Saturday, 3 January 2015

Waterman exhibition at Mora Stylos

Visiting Mora Stylos is always a fascinating trip: I've never seen such a massive stock of rarities and beautiful top-tier pens outside a pen show.

This autumn, the shop became even more interesting for pen collectors when it held an exhibition of Waterman pens and memorabilia. (I stupidly didn't take any pictures of the Waterman ink pots, model Waterman lorries and trucks, Waterman advertising, and other goodies on display, and have been regretting it ever since.) Monsieur Mora wrote the book on Waterman ("Waterman 125 ans d'expérience"), so there was a lot of knowledge and care going into the exhibition, and I wasn't disappointed.

I started with the display of early pens. Mainly for budgetary reasons, this isn't my particular interest, though I know enough that when a taper cap Waterman comes my way at a flea market for a few quid, I snap it up. And of course these early pens tend, many of them, to be a bit boring compared, say, to the many colours of the Man 100 - the severity of almost unalloyed black can be disconcerting - but this was quite a display. Once the red and the ripple came in, I was hooked.

There were a few pens that really caught my interest. There was the Waterman 20, in black. There was the Waterman 20, in red. And there was, great Scott! - the Waterman 20 in red ripple.That really is an amazing pen, striped like a tiger in the company of sleek black domestic cats.

Just for good measure there was the 'doll' pen (down in the bottom left corner of the photo).

There was a lovely display of different overlays.  (Confusingly, some of them seem to have different names in French from what we call them in English.) Some official Waterman overlays, and some ridiculously ornate, possibly Italian, overlays of crisp filigree and minute chasing. I particularly like the night-and-day overlay on red ripple - the gold and the red go so well together to create a luxurious and warm effect.

There were a few surprises. Emerald ray, for instance - I caught that out of the corner of my eye and said to myself "That'll be an Ink-Vue, then". No, it wasn't. It was a safety pen. Now to me, safeties are 1920s or before, and 'ray' celluloids are 1930s and later... but there was a marvellous anachronism with the same appeal as, say, a Brad Torelli agate acrylic Parker 51!

I'd never seen these finishes before, either - the Saigon pens, with an eastern design in red lacquer (there was another in green), and the honeycomb pattern in silver with black lacquer. That's one I would love to try recreating.

And eggshell, too. I know a few manufacturers today use eggshell mosaics as part of their urushi ranges, though abalone is much more common, but I never expected to see an early Waterman given such treatment. It is both intensely luxurious, and strangely chaste with its monochrome, matte finish.

Ripples were well represented, with a whole range of the different ripples: red, rose, olive, blue-green. I only have red, the most common, in my own collection. These were stunning, too - Waterman seems to have cornered the market in really strong, curved ripples, while other manufacturers had to make do with a vaguely marbled ebonite that doesn't have the directionality and drama of the Waterman pattern. I particularly like rose ripple, which is just made to have gold furniture - the gold complements the yellow and pink so well. (A conversation on FPN ascertained that MP Kandan of Ranga Pens is now producing rose ripple ebonite pens in India, so I could be adding one of those to my collection this year.)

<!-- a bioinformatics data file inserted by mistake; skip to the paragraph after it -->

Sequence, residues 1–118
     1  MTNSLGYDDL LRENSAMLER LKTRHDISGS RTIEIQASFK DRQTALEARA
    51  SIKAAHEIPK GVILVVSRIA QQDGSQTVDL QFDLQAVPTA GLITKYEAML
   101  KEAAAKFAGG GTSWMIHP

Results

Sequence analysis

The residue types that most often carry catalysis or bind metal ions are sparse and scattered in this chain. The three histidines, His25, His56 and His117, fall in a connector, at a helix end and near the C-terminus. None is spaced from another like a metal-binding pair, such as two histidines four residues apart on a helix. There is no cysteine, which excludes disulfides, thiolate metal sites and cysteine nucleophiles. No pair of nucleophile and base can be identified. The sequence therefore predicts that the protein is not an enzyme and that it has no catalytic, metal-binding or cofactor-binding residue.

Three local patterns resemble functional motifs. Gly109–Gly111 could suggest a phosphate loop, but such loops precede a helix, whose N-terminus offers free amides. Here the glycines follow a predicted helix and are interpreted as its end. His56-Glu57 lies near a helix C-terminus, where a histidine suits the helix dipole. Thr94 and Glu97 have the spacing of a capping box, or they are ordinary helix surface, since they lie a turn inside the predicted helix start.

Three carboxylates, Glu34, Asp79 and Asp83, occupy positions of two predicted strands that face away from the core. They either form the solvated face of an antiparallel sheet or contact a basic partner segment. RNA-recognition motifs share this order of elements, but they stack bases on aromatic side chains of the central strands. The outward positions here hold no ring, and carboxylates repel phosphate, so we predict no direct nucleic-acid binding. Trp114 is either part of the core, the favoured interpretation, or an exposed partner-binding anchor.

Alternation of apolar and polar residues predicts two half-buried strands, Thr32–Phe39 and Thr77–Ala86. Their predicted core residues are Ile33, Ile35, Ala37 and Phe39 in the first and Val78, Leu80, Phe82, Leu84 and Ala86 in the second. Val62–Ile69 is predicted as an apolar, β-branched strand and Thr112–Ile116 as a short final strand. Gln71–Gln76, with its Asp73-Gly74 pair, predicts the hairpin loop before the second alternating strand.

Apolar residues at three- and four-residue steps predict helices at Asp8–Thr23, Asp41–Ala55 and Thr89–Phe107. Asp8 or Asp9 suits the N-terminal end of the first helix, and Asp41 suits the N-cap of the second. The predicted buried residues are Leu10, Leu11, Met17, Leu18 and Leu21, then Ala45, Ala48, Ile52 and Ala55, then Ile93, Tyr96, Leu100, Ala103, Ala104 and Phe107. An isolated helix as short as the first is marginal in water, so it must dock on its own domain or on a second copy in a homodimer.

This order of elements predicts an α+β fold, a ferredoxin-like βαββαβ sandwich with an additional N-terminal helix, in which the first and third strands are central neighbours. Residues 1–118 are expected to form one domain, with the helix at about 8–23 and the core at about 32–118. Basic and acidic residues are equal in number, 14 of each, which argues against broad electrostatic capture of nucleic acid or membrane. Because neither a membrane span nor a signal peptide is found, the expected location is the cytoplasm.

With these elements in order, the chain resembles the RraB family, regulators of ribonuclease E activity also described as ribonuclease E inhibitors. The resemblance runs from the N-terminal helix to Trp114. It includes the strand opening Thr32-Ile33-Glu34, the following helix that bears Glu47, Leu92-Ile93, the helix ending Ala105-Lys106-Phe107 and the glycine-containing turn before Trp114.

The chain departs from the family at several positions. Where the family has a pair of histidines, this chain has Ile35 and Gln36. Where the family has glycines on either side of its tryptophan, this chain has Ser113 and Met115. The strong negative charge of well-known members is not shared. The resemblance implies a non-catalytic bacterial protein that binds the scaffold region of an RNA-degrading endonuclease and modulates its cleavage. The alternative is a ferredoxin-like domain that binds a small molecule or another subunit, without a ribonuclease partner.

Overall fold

And some more...

 After ebonite, of course, came celluloid. Easier to find, perhaps, but never easy to find in good colour - many of the colours, particularly the 'Persian', discolour easily. That's not an issue here! Not just one, but three colours of lizard - brown, green and grey - a stunning jade Lady Patricia (one of my favourite pens), and a bleu/creme pen that has such a clean contrast of white and blue it might almost have been a modern acrylic.

I wish there had been more Hundred Year Pens, a design I like very much - but then look at the one in the photo above. A really splendidly transparent green. My three don't look anything like that!

Moving on to modern times, Taperites and Crusaders were not much in evidence, but the CF was represented by a quite impressive collection of different gold and silver finishes. You often see quite acceptable CFs, but the finish on these was perfect, and it makes such a difference; pens absolutely scintillating, bursting with tiny glitters of light. I was most excited, though, to see a pair of CFs that might look to the uninitiated rather boring... one in silver trim, one in gold, a pair of CF demonstrators, in pristine condition.

Incidentally, the CF is a C/F for the American market and a CF in France.

Man 100 was the other pen to receive a whole case pretty much to itself, and this collection included quite a number of prototypes - some different woods, for instance. Again I'm kicking myself for not having taken more pictures - but I don't think pictures could really do justice to the sheer number of different pens, textures, and materials in that case.

Thanks very much Mora Stylos for such a superb exhibition!

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